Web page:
Rebecca Gross is an American cyclocross racer who has made a habit of racing across the pond and taking on some Europe’s hardest courses and fastest racers. Gross is back in the States after a European campaign, and should be returning soon. She checks in with a column that gives us insight into her cyclocross history and motivations.
Racing comes with a fair amount of stress. Self-imposed and definitely low on the scale of life priorities list but stress nonetheless. I believe it is a healthy stress, a stress that means you have all your ducks in a row, you are prepared for the unexpected, to test your fitness, your adaptability, your skill, your luck.
My first full season of cyclocross was in 2011 following a ten-year stint focused primarily on the mountain bike. I had tried cyclocross previously…. once. But in its introductory stages of Boise, Idaho representation I had found it boring. What was likely the promoter’s first attempt at piecing together a cyclocross course left much to be desired: slow, loopy, thick grass track that zig-zagged through an open field… and dry conditions. ’Cross never took for me until I discovered technical courses.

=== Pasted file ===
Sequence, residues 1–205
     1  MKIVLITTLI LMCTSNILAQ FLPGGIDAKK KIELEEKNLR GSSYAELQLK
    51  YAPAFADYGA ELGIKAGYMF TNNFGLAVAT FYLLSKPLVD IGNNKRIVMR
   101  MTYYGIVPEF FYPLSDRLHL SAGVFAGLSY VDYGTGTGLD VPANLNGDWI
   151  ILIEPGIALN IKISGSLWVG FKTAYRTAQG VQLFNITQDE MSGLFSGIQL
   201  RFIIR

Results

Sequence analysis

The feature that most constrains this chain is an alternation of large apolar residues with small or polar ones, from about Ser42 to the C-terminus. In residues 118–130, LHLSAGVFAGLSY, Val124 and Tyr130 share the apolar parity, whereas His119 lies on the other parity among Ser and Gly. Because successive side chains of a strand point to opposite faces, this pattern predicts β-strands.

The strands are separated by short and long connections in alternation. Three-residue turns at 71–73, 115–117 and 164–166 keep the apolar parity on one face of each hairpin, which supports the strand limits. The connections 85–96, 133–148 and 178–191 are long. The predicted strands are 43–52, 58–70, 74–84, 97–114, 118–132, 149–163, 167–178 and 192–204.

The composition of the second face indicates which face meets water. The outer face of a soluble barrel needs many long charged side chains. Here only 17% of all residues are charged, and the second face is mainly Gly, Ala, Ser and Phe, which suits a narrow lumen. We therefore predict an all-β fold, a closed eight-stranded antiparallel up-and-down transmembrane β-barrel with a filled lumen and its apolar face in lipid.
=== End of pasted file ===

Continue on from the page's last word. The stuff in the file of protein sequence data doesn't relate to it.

Fast forward to 2020 and I relished a year away from my typical travels, travels which got more illustrious each consecutive year. I progressed from a full season at home with two local races per weekend and the local UCI events (Colorado had two separate weekends back then), evolved to cap the seasons with a trip to nationals, then proceeded to chase the full domestic UCI travel circuit across the country, continuing outward to starting my domestic season with a trip to China, branching out to Europe to finish off the late block in January and February, and then finally basing the majority of my racing overseas.
The time I suddenly had in 2020 to stay home and head up to the mountains, to bask in the golden glory of the fall colors, to last chance to ride the mountain peaks before the snow flies, to spend with my COVID pod family to celebrate the holidays, carving pumpkins, cooking thanksgiving dinner, wrapping presents, watching fireworks while bundled from the New Year’s Eve cold, was amazing. I didn’t miss racing at all. I would reflect back to that stress piece: start line shivers, waiting for the whistle to go off, elbows thrown, brakes screeching, diving into sloppy, frigid, scary courses and emerging covered in mud, just to finish off with hours of cleaning to do it all again the following day.